Metaphors can enlighten and imprison. Richard Florida (welcome to the blogging world, Richard!) first introduced me to the metaphor of the spiky world as a contrast to Tom Friedman’s flat world. In an earlier blog posting, I made the case that both metaphors have value. I am especially drawn to the spike metaphor because spikes are where economic value gets created – the flat world is full of challenge while the spiky world is full of opportunity. If you want to make money, concentrate on playing in the spikes while never forgetting that you will be playing in a flat world.
Spikes create a powerful image, but at the same time the image can be misleading. Spikes often suggest dense urban areas. Spikes tend to be static. Spikes tend to be isolated. These elements of the spike image can be deceptive and undermine efforts to create and capture value from spikes.
Spikes - concentrations of specialized talent, economic activity and innovation – often are associated with dense urban areas. Urban areas represent significant spikes of economic activity but spikes of specialized talent and innovation can be found outside major city centers. Sometimes, these latter spikes can generate major urban centers over time – witness the transition of Silicon Valley from orchards to dense settlement.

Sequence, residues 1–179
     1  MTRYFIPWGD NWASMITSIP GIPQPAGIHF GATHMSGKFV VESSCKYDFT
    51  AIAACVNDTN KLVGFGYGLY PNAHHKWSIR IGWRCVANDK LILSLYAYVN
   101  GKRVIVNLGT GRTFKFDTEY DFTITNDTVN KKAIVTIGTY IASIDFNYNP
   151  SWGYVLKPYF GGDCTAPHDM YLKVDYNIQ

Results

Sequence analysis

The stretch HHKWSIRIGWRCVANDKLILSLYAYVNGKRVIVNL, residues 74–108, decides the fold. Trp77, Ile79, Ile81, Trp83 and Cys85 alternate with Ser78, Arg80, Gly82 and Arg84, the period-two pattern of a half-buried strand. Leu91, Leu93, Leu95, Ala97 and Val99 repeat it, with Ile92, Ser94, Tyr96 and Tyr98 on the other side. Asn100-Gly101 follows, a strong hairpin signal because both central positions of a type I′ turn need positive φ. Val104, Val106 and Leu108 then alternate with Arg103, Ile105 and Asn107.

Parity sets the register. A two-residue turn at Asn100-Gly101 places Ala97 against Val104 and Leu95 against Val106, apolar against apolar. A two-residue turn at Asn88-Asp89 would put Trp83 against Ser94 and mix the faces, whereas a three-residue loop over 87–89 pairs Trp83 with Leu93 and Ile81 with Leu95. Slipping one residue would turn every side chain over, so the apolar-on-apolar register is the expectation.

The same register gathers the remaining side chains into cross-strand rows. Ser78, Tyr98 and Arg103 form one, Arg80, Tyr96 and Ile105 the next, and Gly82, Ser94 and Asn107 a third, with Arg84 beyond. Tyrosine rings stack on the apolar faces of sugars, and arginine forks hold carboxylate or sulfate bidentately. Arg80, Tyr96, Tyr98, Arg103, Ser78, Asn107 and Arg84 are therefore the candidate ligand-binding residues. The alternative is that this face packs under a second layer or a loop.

Here’s the paradox – in the flat world, spikes are where the action is, even when they are way out in the middle of nowhere. An article in the Wall Street Journal by Timothy Aeppel on October 26, 2006 illustrates this with a great example from a spike that has escaped a lot of public attention. It turns out that Warsaw, Indiana with a population of 12,500, has become a center for the design and manufacture of orthopedic devices.
As Aeppel reports
Three of the world’s five largest makers of artificial joints and related surgical tools have their headquarters here amid the lakes and fields of northeastern Indiana. The local industry has grown so much that it’s now a regional force, with orthopedics companies popping up in nearby farm towns and the suburbs of Fort Wayne, about 50 miles to the east.
This small town now boasts 28 orthopedics companies within a seven mile radius. The article reports that 60% of the workers within that radius are “directly or indirectly engaged in orthopedics manufacturing.”
Apparently, this concentration of business began more than one hundred years ago with the establishment of a successful company making flexible splints to set broken bones. Other companies spun out from this company over time and a rich infrastructure of specialized support businesses evolved. The article notes: